The voice acting is great, but unfortunately, there are significant parts of the game that are left unvoiced (i.e. monologues with the text covering the whole screen). It doesn't really kill the enjoyment or affect the story per say, it is just a little unfortunate because it'd be lovely to have it voiced by the narrator of the story (i.e. when they are explaining a certain character's past) to add more empathy to both the story and the character(s). The only exception is when Mikoto (the original god) explains his back story when his route is unlocked last, and you can really experience the difference.
Visual-wise, the art is lovely. It is vibrant and colorful. The background illustrations are also beautiful and clear. Unfortunately, there is a lack of variety in the CGs and at times, an obvious lack of Sakuya's presence in them. Still, it doesn't take away the fact that the art is pretty.
The music is simple but beautiful, and enhances the mood of the game. When you've progressed somewhat into the game, surely one or two background tracks will be left looping in your head. When the sad scenes and BGM hit, be ready to steal somebody else's tissue box because you will drown in tears in no time.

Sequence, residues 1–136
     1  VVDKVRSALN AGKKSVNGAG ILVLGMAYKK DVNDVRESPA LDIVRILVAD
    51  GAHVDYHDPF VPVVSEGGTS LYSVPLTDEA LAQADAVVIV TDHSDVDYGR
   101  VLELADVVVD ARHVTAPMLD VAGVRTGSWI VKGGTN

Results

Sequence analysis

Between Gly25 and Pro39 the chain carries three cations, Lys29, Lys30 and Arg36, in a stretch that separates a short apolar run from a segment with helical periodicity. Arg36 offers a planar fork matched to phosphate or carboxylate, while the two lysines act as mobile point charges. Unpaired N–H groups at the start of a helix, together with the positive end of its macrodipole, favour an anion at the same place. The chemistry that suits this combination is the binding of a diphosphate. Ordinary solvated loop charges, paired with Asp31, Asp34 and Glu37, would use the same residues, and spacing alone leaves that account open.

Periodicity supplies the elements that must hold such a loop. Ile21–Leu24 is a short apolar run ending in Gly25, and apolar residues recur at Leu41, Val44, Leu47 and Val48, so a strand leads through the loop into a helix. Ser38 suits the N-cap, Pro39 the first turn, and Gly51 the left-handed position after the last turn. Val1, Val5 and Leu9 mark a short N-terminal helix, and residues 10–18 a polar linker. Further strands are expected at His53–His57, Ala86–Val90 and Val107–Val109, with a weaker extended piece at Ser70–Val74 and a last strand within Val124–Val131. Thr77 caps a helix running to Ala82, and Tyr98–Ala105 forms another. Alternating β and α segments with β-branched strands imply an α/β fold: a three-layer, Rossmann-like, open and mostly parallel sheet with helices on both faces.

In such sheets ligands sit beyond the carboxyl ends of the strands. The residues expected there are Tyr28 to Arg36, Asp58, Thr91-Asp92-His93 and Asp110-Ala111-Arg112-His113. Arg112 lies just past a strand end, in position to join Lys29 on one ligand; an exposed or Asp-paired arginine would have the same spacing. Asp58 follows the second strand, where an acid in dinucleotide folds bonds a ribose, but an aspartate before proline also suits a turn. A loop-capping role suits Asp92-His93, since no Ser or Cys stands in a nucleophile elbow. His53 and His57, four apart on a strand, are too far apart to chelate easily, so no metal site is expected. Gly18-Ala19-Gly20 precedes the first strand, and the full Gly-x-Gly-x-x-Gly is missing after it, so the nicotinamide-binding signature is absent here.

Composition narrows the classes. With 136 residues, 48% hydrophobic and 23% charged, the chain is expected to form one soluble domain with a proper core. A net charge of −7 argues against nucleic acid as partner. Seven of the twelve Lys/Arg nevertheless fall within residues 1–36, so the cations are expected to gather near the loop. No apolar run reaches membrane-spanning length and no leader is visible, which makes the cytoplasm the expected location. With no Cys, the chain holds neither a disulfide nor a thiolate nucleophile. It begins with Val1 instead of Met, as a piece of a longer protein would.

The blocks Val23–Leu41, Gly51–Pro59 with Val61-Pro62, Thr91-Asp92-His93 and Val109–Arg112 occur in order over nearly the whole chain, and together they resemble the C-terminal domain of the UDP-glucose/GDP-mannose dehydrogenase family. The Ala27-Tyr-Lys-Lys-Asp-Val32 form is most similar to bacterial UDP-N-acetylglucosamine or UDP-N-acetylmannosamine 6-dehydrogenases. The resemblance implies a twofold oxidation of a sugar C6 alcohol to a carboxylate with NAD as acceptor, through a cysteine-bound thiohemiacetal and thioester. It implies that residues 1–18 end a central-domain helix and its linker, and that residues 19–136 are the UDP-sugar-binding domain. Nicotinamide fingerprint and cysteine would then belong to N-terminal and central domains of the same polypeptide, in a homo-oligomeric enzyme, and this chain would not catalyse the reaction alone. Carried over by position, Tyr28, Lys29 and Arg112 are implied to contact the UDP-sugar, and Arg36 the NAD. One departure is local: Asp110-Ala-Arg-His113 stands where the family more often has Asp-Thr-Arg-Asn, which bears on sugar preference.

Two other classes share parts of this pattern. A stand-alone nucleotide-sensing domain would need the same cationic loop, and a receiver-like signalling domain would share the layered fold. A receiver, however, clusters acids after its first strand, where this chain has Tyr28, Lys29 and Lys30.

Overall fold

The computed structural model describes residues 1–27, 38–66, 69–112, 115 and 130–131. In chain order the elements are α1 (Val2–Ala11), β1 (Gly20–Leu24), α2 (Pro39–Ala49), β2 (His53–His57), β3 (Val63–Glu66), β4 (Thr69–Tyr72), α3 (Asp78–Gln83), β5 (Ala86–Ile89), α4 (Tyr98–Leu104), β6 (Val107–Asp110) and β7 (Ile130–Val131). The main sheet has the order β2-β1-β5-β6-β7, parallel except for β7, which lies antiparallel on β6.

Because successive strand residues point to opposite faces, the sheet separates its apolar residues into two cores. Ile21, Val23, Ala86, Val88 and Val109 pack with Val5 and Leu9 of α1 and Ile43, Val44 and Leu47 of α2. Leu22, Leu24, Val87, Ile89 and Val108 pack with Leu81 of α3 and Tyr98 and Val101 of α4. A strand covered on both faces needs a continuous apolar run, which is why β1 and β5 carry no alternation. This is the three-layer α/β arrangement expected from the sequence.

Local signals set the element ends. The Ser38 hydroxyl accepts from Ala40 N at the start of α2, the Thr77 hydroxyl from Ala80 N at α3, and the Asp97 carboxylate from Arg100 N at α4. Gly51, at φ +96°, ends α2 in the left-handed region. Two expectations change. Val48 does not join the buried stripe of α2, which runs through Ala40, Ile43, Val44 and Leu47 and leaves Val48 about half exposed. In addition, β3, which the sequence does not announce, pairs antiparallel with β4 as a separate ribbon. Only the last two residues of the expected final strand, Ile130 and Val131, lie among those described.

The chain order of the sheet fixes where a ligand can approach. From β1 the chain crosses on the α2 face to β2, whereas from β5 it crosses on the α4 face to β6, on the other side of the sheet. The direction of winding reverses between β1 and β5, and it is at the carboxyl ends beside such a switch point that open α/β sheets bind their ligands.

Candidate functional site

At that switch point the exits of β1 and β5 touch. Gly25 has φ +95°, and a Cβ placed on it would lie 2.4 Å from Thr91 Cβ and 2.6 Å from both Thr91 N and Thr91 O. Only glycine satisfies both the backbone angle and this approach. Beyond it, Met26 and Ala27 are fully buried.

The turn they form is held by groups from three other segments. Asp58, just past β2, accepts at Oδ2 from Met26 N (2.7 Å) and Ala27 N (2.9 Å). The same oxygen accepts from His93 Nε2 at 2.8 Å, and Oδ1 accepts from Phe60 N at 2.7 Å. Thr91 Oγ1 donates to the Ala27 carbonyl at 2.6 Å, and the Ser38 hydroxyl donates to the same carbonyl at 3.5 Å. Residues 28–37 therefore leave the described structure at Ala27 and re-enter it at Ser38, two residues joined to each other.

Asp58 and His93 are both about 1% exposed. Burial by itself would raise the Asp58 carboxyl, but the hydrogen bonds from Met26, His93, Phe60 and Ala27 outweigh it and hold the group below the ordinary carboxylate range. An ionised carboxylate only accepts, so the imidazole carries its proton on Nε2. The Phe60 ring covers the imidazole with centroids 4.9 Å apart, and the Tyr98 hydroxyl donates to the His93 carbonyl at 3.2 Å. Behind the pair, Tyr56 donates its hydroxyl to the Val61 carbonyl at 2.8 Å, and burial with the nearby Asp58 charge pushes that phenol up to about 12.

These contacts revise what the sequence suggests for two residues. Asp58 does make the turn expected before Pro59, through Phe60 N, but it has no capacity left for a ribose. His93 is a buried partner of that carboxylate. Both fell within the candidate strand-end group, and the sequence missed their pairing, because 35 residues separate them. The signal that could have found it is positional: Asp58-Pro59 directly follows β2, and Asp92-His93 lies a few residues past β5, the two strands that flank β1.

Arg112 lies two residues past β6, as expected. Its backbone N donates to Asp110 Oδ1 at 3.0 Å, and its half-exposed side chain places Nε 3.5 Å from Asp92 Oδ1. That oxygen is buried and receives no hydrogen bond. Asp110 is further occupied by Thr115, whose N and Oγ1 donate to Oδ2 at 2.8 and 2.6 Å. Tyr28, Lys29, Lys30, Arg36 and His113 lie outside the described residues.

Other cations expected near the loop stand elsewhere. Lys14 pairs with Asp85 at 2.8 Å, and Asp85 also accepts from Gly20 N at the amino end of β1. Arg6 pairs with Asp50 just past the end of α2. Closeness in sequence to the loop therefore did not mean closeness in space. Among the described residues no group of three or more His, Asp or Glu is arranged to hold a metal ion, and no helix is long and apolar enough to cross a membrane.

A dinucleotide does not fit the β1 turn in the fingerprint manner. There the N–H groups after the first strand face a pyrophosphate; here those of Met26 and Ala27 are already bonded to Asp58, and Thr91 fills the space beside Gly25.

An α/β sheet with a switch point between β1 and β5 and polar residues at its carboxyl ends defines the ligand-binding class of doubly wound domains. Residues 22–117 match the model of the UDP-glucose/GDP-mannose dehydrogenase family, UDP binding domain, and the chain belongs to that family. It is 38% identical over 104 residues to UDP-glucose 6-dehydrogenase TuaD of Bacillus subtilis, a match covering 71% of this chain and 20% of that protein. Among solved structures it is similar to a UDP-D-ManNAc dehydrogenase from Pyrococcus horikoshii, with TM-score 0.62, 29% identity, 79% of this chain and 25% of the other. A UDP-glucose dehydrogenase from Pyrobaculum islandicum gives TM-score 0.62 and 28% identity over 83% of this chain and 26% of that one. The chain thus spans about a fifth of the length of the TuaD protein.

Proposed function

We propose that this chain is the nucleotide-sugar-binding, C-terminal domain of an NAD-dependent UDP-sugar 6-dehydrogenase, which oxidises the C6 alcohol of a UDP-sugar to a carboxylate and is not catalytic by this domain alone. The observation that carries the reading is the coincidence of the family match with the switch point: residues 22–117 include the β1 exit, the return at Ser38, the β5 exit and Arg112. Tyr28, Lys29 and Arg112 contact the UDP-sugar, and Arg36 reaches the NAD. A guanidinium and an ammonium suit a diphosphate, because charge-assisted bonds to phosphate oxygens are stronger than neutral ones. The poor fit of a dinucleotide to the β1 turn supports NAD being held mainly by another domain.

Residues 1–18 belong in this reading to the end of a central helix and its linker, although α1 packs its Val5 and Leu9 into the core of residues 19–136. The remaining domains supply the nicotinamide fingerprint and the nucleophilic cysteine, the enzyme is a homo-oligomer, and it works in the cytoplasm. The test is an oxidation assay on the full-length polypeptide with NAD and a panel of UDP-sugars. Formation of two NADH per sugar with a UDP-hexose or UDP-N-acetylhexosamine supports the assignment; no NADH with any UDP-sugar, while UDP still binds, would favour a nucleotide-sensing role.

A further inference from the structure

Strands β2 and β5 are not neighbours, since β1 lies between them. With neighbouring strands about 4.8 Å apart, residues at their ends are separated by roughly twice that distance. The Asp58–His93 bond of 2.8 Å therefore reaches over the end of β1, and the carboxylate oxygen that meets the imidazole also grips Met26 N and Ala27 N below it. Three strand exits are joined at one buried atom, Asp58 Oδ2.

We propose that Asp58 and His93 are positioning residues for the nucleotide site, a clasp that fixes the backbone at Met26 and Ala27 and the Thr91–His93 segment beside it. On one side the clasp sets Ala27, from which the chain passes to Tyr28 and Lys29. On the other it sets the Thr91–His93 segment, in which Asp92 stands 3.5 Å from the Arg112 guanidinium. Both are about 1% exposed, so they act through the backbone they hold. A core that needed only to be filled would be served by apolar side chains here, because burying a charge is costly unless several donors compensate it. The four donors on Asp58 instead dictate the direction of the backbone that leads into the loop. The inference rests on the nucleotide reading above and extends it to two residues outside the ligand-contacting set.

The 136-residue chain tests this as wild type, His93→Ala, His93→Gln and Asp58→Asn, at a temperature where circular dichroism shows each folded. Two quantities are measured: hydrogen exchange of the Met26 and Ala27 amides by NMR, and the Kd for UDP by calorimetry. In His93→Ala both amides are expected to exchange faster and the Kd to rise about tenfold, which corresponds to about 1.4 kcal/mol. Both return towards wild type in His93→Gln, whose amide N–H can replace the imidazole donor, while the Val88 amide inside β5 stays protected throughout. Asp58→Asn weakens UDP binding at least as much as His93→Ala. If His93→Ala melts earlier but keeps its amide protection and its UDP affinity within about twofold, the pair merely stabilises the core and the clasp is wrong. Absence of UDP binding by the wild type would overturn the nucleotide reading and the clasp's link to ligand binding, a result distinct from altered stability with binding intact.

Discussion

With the completion of each route, not only do you unlock the music, videos, CG gallery and wishes (CG scenes and wishes can be replayed), you also unlock a word dictionary and background illustrations which are both voiced - by main and sub-characters too. The title menu will also have the unlocked character cut-outs around the sacred shrine tree, which comes to be an important location in the game. All of this was particularly endearing as you've already developed attachment to the characters by this point.9.0 Kami naru Kimi to is a truly moving journey. The game can have you laughing aloud at the start, and then crying your eyes out towards the end as you develop an attachment to the characters. While you may discover new sides to the characters in certain routes, all of their personalities are consistent. However, as we have mentioned before, there are annoying parts of the game where you can only stare at your PSP, watching as lines of texts go by with no voice or concrete visuals to represent what is happening in those scenes. The CGs are also pretty boring although they are indeed beautiful. Compared to other otome games, there may be a lesser degree of romance but all of the stories are beautifully written. Due to this, the both of us are on the edge of our seats for any news of a fandisk. Or rather, to be frank, we are rocking our chairs, begging Otomate to create a fandisk for this game.